Proposed purpose statement: “Transition Network supports community-led responses to climate change, inequality and shrinking supplies of cheap energy, building resilience and happiness.”
Who proposed this and why
By Bill Kerry, Co-Director, The Equality Trust
Under the growth model of economics which currently reigns across the globe (albeit performing rather badly) well over a billion people live on less than a dollar a day. Consider if you froze the world’s current wealth and income distribution in its existing proportions as perhaps envisaged by steady-state economics or even shrank the current configuration to meet the requirements of degrowth. At best we would be continuing the current dire situation and at worst we could be unleashing a massive upsurge in poverty and suffering across the world. Sufficient resources exist in the world’s economy to provide for all. They just have to be massively redistributed from rich to poor.
The Equality Trust’s evidence demonstrates that more equal countries in the developed world are already more sustainable. Their flatter and less competitive social hierarchies dampen demand for conspicuous and excessive consumption and encourage a shorter working-hours culture. Recycling rates are higher in more equal countries and their business leaders are more likely to support international environmental treaties. These countries also give more in overseas aid to developing countries which are, of course, the ones most immediately threatened by poverty and climate change.
A crucial point should be made here. Although the countries of the developed world are reaching the end of what economic growth can do for them in terms of wellbeing, life expectancy and happiness, the same is not true for the developing world. Developing countries still need economic growth in order to raise their living standards to decent levels. What is needed to achieve transition is for developed countries to pursue egalitarian policies allowing them to achieve a sustainable economic model whilst simultaneously transferring far greater resources to developing countries. Greater equality in one hemisphere only would be no victory at all.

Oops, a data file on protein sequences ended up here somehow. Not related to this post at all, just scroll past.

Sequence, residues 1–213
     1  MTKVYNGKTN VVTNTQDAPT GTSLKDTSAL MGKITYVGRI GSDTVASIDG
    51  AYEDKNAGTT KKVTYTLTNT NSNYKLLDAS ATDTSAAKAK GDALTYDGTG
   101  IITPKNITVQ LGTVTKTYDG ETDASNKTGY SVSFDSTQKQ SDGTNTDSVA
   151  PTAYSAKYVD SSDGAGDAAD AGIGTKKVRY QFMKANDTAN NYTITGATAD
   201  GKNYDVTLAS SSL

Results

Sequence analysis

Such a scenario presents enormous challenges, not least gaining public consent and generating political will. The good news is that greater equality can help here. Evidence shows that more equal developed countries have higher levels of trust and it is this bedrock of trust which will be needed if we are to make progress. Currently in the UK, for example, barely one in three of us thinks that most other people can be trusted. It is not surprising, therefore, that we are reluctant to contemplate significant changes to our current lifestyles when we probably do not trust others to make the jump with us. This mindset could be changed by moves to greater equality as it fosters greater trust and more community-minded attitudes that even extend across national borders. It will also allow us to maintain high levels of well-being such that the transition to sustainability will not seem so difficult or unrealistic.
The immediate challenge in the UK is to set out new, popular and transformative ways to achieve greater equality. There is no great appetite for revolution – yet another deep capitalist crisis has failed to raise up the grave-diggers predicted by Marx. Even traditional reformist demands for more progressive taxes and greater welfare spending – or direct state intervention in the economy – are struggling to gain traction. Transformative routes to equality in the twenty-first century will therefore need to seize the popular imagination if they are to succeed. Growing calls for pay justice such as those of the living wage and pay ratio campaigns suggest that entrenching greater equality in the very structures of the economy could be the way to go. This would have the added benefit of making it much harder for unsympathetic governments to reverse these gains in the future. We should now pursue these ideas vigorously.